The Federal Circuit reversed the district court’s sua sponte dismissal of a complaint filed by Mr. Robert J. Hall for patent infringement and other claims. The Federal Circuit opinion can be found here.
Mr. Hall accused Bed Bath & Beyond of infringing U.S. Design Patent No. D596,439 entitled “Towel Tote.” Fig. 1 from D596,439 is reproduced below.
Click here to view Fig. 1.
Mr. Hall’s complaint identified the patent, showed the patented design, and described the accused towel. However, the district court took the position that the complaint should have included answers to question such as: “what is it about Plaintiff’s towel that he claims is ‘new, original and ornamental,’ meriting the protection of a design patent?” Opinion at 5. The district court dismissed the complaint for failure to state a claim on which relief can be granted.
In vacating the district court’s dismissal, the Federal Circuit noted that there are five necessary elements of a patent infringement pleading. These required elements include: (i) alleging ownership of the patent, (ii) naming each defendant, (iii) citing the patent that is allegedly infringed, (iv) stating the means by which the defendant allegedly infringes, and (v) pointing to the sections of the patent law invoked. Opinion at 4. The Federal Circuit pointed out that Mr. Hall presented a lengthy complaint and plausibly satisfied each of these requirements. Opinion at 6-8.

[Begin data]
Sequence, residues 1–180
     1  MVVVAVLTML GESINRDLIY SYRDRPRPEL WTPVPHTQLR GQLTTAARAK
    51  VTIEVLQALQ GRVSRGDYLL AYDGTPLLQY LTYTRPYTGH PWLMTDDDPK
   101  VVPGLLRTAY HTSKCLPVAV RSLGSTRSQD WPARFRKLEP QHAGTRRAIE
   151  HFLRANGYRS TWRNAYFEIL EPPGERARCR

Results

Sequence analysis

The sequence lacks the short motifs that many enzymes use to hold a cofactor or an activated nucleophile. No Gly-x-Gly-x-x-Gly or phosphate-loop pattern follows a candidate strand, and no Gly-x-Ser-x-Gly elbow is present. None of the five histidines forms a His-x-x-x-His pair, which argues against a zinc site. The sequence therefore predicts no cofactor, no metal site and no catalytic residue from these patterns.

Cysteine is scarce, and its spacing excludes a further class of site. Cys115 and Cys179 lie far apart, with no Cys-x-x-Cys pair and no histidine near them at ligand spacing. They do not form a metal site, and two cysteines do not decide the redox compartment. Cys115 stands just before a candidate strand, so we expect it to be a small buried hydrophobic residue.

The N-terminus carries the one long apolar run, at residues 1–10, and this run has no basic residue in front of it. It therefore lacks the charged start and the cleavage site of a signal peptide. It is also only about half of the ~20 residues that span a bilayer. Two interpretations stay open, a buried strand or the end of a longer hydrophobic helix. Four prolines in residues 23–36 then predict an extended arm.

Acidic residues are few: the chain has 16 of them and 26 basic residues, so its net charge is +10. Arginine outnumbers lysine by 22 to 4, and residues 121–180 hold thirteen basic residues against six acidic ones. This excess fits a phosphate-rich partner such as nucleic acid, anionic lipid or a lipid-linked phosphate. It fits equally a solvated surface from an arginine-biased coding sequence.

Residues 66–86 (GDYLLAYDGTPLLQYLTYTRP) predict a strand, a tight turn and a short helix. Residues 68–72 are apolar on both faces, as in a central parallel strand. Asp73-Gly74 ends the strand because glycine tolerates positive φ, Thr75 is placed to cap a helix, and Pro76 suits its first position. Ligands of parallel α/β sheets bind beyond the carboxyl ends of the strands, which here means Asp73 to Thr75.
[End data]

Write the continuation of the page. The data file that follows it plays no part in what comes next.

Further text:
The Federal Circuit found that the district court erred in requiring that the complaint identify the “new, original, and ornamental” aspects of the claimed design, and pointed out that in Egyptian Goddess the Federal Circuit eliminated the “point of novelty” step when determining infringement of a design patent. Opinion at 7. Further, the Federal Circuit stated that “claim construction is not an essential element of a patent infringement complaint.” Opinion at 5.
Judge Lourie wrote a dissenting opinion. Despite pointing out flaws in the district court’s analysis, Judge Lourie’s dissent took the position that the district court’s analysis was not sufficiently faulty to justify vacation of its dismissal and that the plaintiff should have accepted the court’s invitation to replead its patent count. Dissent at 3.